By ELLI SCHANK of Dubois County Herald
newsintern@dcherald.com

JASPER — Dubois County is currently anticipating two new hotels — a Comfort Inn & Suites and a Fairfield Inn & Suites — in Jasper. The SureStay Plus, the former Jasper Inn, just underwent renovations, and the Hampton Inn’s renovations are still in progress. The growth of hospitality options in the area raises the question: Do we need more rooms for visitors to Dubois County?

“I say absolutely,” said Kevin Manley, executive director of the Dubois County Tourism Commission.

He said the county doesn’t have enough space for the visitors it attracts. Specifically, Dubois County does not have enough space for sports teams that visit the county for tournaments. Many teams, which Manley estimates need at least 12 rooms each, end up staying in French Lick.

“A lot of our business for sports tourism is staying outside the county,” Manley said

Dubois County will have 11 hotels when the Comfort Inn and Fairfield Inn of Jasper are both complete. Ferdinand has two hotels, Huntingburg has one, and Jasper will have the other eight. Combined, those hotels will offer more than 760 hotel rooms to visitors and tourists. Currently there are around 610 rooms available in the county. The busiest months, when hotels have the least vacancies, are during the summer.

Whitney Hall, who is involved with sales and marketing for the tourism commission, said the availability of hotel rooms increases traffic to the community and helps bring revenue to other businesses in the area.

“We’re ecstatic about these offerings coming in,” Hall said. “It’s important to keep vitalized and increase tourism.”

Tourism is Indiana’s 10th largest industry, according to Rockport Analytics. Seventy-seven million people visit the state each year. Visitors to Dubois County spent more than $80 million in 2015.

Expansion is the ultimate and ongoing goal of the tourism commission, and Manley said the discussion is ongoing on how to bring in more visitors. One such avenue is tapping into the conference and convention market. As of now, the county has no conference center attached to a hotel, which Manley said is an essential facility.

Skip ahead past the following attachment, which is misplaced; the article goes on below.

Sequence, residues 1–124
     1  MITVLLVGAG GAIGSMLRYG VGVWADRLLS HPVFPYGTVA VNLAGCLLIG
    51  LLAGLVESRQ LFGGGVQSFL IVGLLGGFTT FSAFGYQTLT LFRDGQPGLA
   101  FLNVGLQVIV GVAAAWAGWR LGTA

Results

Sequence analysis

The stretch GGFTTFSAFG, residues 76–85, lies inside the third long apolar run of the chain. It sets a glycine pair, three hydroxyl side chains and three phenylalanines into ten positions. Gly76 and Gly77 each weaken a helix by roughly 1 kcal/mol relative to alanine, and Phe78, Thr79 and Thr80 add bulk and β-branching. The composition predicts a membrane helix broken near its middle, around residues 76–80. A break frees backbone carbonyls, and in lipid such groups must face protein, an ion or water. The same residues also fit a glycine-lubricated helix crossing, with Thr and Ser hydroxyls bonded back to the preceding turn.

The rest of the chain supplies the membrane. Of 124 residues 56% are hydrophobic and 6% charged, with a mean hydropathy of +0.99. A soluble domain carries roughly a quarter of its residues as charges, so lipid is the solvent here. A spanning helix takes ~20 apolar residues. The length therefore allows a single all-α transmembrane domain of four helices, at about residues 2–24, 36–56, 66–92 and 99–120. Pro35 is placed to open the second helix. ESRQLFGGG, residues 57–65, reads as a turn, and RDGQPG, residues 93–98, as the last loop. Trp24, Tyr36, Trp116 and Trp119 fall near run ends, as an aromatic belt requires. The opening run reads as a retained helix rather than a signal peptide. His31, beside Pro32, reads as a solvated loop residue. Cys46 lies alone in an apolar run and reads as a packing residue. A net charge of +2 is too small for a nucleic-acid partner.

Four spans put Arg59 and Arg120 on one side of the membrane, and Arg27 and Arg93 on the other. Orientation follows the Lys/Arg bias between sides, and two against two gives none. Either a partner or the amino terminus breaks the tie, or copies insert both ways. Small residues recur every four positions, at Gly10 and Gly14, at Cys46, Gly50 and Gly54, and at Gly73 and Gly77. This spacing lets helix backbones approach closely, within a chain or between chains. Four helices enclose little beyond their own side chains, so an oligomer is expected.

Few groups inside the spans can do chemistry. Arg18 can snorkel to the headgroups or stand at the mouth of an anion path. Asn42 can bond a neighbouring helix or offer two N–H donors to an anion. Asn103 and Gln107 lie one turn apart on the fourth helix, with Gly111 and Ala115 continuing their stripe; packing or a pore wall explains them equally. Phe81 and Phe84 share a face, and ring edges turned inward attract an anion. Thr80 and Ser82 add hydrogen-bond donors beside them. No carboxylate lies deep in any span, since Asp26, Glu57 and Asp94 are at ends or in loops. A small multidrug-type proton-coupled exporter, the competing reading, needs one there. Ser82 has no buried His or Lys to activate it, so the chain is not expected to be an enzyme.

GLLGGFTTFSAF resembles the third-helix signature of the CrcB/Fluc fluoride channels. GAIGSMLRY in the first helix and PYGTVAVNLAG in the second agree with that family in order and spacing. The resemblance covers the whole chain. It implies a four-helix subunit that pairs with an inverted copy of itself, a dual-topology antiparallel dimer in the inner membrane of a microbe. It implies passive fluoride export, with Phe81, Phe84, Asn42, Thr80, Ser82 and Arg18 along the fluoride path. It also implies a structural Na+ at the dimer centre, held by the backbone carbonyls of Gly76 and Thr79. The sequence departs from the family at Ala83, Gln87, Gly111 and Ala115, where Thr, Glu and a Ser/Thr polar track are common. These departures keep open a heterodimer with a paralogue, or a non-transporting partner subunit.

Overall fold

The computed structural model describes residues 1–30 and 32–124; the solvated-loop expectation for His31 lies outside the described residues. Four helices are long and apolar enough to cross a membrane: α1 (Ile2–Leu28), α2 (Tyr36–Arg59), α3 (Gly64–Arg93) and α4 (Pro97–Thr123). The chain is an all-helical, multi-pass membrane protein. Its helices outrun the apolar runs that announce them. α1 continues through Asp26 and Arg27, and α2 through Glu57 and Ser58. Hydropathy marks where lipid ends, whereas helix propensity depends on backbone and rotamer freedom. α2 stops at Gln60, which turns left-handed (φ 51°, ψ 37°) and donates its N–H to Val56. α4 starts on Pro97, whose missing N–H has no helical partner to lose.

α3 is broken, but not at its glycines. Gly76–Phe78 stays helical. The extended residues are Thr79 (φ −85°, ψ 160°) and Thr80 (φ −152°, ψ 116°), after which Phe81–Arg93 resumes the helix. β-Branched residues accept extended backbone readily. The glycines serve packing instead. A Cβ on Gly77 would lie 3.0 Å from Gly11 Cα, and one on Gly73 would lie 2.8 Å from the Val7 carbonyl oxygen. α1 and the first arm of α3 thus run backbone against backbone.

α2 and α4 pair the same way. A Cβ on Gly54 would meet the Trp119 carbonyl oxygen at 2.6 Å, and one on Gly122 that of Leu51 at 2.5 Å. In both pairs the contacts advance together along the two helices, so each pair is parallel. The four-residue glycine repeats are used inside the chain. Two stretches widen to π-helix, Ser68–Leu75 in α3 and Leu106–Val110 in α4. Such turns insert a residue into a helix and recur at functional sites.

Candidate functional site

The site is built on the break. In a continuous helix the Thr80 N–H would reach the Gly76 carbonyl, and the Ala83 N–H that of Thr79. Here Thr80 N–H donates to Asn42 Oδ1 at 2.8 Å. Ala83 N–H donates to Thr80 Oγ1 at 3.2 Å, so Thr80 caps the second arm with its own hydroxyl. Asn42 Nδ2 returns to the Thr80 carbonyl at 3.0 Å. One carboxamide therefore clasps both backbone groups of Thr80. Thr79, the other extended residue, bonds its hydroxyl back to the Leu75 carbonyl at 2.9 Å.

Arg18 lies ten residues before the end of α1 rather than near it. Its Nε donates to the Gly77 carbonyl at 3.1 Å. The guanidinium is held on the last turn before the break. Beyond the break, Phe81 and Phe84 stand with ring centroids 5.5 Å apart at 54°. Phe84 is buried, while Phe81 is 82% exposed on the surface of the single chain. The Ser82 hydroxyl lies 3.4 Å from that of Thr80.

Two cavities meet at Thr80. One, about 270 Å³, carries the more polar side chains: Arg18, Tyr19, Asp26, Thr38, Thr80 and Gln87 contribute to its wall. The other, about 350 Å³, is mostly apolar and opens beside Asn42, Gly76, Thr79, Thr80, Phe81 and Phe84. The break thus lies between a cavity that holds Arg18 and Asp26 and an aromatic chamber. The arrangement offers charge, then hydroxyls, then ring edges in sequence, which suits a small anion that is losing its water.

According to Glenn Brooks, executive vice president of sales and marketing at General Hotels Corporation in Indianapolis, the large businesses found in Dubois County give his company — which is overseeing construction of Jasper’s Fairfield Inn — enough assurance that business travelers can help sustain the new hotel in Jasper.

“The most important thing is to make sure it’s a viable market,” Brooks said. “Whenever you do anything in a community everyone wants to make sure it’s successful.”

Brooks said the hotel, which will be adjacent to the upcoming River Centre, will be designed to blend in with Jasper’s aesthetic. He also said it’s anticipated that 20-30 jobs will be created by the hotel.

Hall and Manley don’t think there will be any problem with filling the new hotel rooms with guests, especially during the summer. Manley pointed out that tourism in Dubois County often extends a few weeks into the school year because out-of-state visitors have not yet returned to school.

“If the rooms are available, we work to fill them,” Manley said.